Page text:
Tarot of Delphi: A Fine Art Tarot Deck & Booklet

Artisan of Wands: Roman Architect

The Roman Architect, date unknown (oil on panel). Alma-Tadema, Sir Lawrence (1836-1912). Private Collection.

The Roman Architect, date unknown (oil on panel). Alma-Tadema, Sir Lawrence (1836-1912). Private Collection.

An architect stands alone, thinking. He sketches in the dirt with a staff. He is trying to solve a problem. Can it really work? Scaffolding materials lie piled behind him. Scratched on the wall are geometric shapes and notes (actually the painter’s signature). This is someone who cannot stop thinking about his work, someone who loves solving problems as if each were the most interesting puzzle of the year.

Embodying Civic Achievement

Architecture in Rome epitomized an accumulation of knowledge and innovation. Learning from Etruscan and Greek architects, many of whom were employed or enslaved by the empire, Romans bent architectural techniques to their own uses. Innovations in materials led to the invention of Roman concrete, which in turn made possible large domed roofs, aqueducts, and buildings with open spaces uninhibited by supporting columns.

And the wealth of the Roman empire rewarded the profession, and architects rewarded the empire. As a result, architecture was a foundation of Roman civil society, and perhaps the empire itself. Public and private buildings reflected the grandeur of the imperium and reinforced cultural ideals. Public spaces were functional as well as grande, impressing the Roman citizen with a sense of entitlement, placing them in the center of the world.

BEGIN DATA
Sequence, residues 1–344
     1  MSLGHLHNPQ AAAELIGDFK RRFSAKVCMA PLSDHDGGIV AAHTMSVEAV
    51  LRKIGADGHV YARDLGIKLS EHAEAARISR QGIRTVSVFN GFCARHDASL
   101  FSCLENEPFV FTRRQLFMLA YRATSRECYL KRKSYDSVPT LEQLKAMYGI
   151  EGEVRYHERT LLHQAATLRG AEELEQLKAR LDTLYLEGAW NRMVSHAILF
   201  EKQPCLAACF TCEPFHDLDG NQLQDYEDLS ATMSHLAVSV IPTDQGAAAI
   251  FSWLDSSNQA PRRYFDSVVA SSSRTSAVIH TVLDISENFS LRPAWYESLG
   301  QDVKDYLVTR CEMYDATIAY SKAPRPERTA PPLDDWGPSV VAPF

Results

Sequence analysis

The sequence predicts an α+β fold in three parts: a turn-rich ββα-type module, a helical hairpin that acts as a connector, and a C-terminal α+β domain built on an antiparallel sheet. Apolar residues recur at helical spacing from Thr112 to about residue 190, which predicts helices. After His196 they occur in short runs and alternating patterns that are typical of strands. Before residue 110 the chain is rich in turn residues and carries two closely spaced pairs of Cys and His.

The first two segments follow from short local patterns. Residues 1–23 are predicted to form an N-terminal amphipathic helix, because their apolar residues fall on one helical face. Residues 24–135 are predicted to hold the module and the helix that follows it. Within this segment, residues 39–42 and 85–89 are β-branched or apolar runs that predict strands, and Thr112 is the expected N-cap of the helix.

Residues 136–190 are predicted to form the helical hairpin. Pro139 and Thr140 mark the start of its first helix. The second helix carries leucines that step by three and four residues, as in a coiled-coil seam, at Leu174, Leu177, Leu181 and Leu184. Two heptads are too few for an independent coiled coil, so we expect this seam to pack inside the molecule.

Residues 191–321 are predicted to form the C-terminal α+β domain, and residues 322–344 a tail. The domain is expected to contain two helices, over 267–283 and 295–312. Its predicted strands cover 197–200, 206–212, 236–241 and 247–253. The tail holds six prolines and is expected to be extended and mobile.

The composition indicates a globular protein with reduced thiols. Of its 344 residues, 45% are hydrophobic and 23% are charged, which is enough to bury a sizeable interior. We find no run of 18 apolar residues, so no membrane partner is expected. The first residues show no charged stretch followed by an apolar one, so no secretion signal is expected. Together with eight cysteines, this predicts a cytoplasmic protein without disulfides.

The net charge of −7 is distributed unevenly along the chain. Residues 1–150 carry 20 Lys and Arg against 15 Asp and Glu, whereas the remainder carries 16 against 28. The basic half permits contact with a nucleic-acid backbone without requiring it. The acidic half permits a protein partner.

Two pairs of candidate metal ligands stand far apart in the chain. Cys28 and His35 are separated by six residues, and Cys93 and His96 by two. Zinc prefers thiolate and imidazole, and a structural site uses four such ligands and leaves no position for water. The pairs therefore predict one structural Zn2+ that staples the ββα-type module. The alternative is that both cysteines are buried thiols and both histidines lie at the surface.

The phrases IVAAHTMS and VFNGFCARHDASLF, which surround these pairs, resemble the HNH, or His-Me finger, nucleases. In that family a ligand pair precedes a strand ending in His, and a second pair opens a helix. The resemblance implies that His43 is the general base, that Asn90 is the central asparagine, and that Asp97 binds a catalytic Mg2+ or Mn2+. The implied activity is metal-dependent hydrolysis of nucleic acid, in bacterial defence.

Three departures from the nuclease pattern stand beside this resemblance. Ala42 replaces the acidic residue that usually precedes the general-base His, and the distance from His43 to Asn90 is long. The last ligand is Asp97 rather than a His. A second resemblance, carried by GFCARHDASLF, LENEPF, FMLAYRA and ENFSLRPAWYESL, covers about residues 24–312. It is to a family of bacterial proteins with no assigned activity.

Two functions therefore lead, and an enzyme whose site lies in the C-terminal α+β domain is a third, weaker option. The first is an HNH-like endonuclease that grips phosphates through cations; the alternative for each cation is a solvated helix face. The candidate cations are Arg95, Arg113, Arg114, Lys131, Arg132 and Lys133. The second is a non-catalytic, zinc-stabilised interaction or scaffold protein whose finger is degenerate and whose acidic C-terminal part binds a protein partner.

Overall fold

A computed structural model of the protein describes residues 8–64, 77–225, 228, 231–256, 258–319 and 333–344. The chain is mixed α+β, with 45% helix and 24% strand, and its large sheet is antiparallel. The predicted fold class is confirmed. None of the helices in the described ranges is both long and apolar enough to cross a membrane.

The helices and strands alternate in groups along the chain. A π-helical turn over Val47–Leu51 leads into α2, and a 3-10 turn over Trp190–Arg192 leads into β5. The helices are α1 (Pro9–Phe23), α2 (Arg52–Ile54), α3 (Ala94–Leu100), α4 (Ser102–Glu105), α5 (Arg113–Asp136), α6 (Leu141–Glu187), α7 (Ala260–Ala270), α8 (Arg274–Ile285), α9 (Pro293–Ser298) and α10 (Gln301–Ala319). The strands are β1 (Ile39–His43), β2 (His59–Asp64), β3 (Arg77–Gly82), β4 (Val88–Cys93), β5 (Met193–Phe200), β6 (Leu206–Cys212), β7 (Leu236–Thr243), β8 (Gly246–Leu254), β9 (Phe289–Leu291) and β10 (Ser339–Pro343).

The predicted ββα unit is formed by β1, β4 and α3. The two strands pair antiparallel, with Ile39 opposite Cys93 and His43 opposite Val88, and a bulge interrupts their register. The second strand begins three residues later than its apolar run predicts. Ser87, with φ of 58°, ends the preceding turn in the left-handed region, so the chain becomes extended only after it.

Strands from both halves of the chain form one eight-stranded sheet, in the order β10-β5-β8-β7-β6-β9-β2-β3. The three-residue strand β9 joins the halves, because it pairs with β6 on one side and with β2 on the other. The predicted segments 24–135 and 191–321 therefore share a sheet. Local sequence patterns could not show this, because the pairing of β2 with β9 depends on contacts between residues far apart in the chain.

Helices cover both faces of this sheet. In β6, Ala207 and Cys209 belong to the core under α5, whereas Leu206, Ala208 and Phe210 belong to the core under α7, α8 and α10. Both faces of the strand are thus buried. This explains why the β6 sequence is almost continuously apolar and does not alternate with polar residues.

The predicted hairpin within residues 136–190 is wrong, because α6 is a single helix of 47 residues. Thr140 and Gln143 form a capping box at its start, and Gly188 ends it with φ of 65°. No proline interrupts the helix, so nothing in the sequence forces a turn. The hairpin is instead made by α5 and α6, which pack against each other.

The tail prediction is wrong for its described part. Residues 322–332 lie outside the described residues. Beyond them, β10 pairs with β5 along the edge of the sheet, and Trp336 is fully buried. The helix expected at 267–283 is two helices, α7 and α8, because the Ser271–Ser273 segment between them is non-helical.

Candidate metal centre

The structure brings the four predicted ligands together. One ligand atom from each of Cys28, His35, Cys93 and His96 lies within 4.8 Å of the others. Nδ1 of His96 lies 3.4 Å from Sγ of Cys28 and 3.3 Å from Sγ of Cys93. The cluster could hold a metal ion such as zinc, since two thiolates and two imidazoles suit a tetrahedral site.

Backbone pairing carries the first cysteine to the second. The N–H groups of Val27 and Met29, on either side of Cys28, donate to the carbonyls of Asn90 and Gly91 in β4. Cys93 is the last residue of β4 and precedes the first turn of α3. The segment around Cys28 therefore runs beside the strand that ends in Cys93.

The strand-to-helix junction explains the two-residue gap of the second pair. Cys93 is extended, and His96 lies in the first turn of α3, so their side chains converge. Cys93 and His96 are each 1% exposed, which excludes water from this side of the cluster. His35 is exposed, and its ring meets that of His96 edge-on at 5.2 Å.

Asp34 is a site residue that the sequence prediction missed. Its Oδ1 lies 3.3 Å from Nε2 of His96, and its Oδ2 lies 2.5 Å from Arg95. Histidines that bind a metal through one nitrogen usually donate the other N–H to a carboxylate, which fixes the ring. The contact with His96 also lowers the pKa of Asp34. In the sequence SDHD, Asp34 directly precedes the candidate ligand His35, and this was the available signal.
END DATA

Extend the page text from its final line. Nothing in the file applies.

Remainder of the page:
Civic projects bought imperial subjects clean water, public entertainment, and hygiene (freedom from epidemics and disease). Rome even built public works and shared technologies in conquered lands, improving living standards for some, making sure the elite benefited and welcomed Rome.

Masters of All Things

Here, an architect stands alone, a hub of creative energy. Architects were – and are – masters of materials, mathematics, organization, building, problem solving, and design. The idea must be functional and yet artistically inspired. The plans must be mathematically precise and the materials carefully chosen. The creative spark must be chaperoned from beginning to end.

At the same time the architect relies on a vast skill set of his own, he also relies on an immense and complex team of colleagues, patrons, and employees. On top of everything else he must do, his vision and interpersonal skills must be strong enough to galvanize builders, workers, other specialists, benefactors, and even the public. How’s that for pressure?

Keywords for Tarot

Form and function. Idea and execution. Inspiration and realization. Thought and implementation.